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Two Plays: 'A Number' and 'Night, Mother'

Paradise Factory Presents

Robert Massimi.

'Night, Mother'

Night, Mother is a resonate deep unforgettable play. I first saw it in 1983 on Broadway and was moved by it. It is a play about a woman, Jessie (Erin Cronican), who will be committing suicide in two hours. Within the two hours, we hear her thoughts on life as well as her loves and her failings. Jessie goes about her business as if it is just another night. On this night, however, she points out everything that her mother will need when she is gone. Jessie has left nothing to caution. She tells her mom where the food is, rations her pills and throws out the garbage for her. It will be Jessie's last night on this Earth.

Marsha Norman's Pulitzer Prize story is masterful. As an audience we feel for Jessie, we feel for Mama (Carla Brandberg), as well. Norman brings to life pretty much everyone's family, the crazy child, father issues, mother/daughter relationships and peoples fears and disappointments. The play, if you dissect it, is brilliant, in that Norman has Jessie doing something about her innocuous life. The other question Norman presents to the audience is, do we have the right to take our own lives? Night, Mother is so well written, we are presented with these questions and we watch it all play out.

In a small venue like Paradise Factory, lighting and directing are key here. Without good lighting, a show like Night, Mother will not work. Joyce Liao did a magnificent job with this performance. Under red and blue, multi colored lights, the two characters are brought into focus. Liao has the two in the cross hairs, and as an audience, we pay attention to the plight of each individual in the play. As the end nears, she is deft in bringing the lights lower, and in the end, the red eerie color which signifies what is the ultimate awakening for Mama.

Director Brandon Walker had the two characters always keeping us interested. Unlike when I saw the play in 1983, we have more focus on Jessie's epilepsy, her not being able to work and the loss of the two men whom she truly loved. Walker presents the mothers life, the sacrifices that she made throughout her life and without questioning anything. Mother was a strong women, stoic in her mannerisms, yet a loving women. We see how she got things done without any fan fair. She choose Jessie's husband for her. She stayed with her husband even though she did not love him. She kept both Jessie and the husband safe from the ugly seizures that they both suffered. Walker depicts Mama's strength as understating as the women herself.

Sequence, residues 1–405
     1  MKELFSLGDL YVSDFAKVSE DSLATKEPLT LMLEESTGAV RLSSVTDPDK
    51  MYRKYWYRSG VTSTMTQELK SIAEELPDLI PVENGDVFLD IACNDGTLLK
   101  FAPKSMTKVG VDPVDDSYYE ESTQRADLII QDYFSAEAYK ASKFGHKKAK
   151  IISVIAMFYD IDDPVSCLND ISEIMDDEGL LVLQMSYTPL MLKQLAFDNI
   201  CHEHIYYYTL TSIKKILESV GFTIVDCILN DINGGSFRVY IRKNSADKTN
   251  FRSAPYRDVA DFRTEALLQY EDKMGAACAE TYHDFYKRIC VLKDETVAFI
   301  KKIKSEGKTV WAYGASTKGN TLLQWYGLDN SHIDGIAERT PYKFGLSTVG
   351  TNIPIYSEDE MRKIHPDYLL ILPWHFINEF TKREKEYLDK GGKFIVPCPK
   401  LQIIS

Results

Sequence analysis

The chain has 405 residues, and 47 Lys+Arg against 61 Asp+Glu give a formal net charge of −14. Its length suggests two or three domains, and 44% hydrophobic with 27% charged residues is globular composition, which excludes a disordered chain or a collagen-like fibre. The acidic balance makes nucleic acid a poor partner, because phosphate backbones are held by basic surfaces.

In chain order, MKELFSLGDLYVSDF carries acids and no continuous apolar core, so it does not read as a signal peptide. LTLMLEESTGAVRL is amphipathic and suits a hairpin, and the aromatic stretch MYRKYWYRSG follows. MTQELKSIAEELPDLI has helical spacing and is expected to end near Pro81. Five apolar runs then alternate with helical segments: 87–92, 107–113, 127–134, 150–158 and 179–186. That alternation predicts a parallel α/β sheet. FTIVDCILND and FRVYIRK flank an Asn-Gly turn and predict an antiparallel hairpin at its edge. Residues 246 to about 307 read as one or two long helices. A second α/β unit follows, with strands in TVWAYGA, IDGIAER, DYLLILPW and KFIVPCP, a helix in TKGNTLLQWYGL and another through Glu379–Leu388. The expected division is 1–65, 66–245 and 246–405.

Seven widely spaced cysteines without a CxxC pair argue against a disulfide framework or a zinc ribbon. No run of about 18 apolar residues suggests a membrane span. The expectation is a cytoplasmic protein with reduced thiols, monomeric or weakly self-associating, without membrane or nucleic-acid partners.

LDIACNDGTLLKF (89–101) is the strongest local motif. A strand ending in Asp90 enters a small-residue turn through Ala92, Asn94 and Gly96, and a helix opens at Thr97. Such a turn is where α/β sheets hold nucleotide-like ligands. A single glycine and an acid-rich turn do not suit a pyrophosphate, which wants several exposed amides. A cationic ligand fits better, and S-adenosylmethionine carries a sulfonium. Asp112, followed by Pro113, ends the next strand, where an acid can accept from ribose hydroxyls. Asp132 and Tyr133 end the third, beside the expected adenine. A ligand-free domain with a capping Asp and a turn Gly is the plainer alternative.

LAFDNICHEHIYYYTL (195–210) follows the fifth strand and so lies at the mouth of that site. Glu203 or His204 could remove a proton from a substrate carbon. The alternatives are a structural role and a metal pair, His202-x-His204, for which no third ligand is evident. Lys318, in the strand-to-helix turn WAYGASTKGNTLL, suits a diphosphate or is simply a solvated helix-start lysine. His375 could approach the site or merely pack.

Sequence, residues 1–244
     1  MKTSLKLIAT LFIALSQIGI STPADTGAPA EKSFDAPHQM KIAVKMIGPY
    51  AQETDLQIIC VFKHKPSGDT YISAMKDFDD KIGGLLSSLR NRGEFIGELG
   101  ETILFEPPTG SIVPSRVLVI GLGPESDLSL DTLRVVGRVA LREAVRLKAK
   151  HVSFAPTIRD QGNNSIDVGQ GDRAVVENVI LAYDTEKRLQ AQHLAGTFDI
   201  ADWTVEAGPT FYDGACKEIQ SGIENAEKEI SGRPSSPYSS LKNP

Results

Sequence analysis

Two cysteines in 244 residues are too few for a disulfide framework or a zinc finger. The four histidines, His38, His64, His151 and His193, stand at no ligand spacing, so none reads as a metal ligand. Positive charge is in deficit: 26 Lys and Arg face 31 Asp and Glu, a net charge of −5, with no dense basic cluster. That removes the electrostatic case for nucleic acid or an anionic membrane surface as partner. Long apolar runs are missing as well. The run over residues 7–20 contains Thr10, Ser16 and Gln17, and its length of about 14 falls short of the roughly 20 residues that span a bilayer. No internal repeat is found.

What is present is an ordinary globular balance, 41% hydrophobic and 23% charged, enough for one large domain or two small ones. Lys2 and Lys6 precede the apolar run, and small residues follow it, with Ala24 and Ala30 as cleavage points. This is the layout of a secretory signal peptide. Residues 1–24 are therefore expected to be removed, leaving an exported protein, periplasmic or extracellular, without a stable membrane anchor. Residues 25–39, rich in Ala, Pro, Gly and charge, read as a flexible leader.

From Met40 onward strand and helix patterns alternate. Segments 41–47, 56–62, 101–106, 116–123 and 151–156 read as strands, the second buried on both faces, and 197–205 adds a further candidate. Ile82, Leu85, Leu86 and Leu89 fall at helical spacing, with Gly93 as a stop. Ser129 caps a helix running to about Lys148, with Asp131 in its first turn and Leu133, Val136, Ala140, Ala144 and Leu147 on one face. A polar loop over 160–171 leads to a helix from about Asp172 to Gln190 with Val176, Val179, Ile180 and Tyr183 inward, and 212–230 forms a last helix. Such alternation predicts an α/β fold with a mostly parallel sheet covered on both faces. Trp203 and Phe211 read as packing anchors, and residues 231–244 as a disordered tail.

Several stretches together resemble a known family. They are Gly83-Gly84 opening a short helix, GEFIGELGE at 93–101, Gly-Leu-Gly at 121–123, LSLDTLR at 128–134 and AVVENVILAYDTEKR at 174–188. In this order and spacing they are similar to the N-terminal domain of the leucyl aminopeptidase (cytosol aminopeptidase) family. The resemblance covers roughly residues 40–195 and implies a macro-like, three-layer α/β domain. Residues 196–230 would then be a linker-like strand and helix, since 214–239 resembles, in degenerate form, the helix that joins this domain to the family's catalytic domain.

Carla Brandberg was a standout in Night, Mother. She played a sacrificing farm women who gave it all for her children, grandchildren and her husband. Never one to complain, Brandberg delivers her role brilliantly. Mama was not a meddler, she was a pragmatic, who tried to make her daughter see the good in the world, tried to make her feel better about herself. She listens to Jessie as her daughter describes her useless life. Walker has Mama as a strong women, but not one to step over her boundaries. Brandberg's facial expressions and movements make this play a success.

'A Number'

A Number was the first play to perform last night. Only an hour long, the play, it's writing, and the acting was very confusing. The shows premise is based on cloning. The father, Salter, has cloned his oldest son that at first, we believe, died at four-years-old, then, two-years-old. Never clear what was going on in the play, we are faced with two Bernards and one clone named Michael.

What tries to be "sci-fi," tries to be deep, the play never catches it stride. Not very well acted nor directed, the show leaves you trying to catch the base of the story, never able to get it. We can never figure out why, at the beginning of the play, is Bernard laughing like a hyena? The show is miscast and misdirected. We never feel any emotion for the two actors during this show. The play is slow in writing and slow in acting it out.

Caryl Churchill, the writer, tries to give us suspense and a deep story but clearly misses the mark on both. The writing just is not good. A Number leaves the audience wondering what they are looking at and what is the nature of this play. Nothing is laid out in any detail as to characters points, the characters purpose, nor the stories reasoning.

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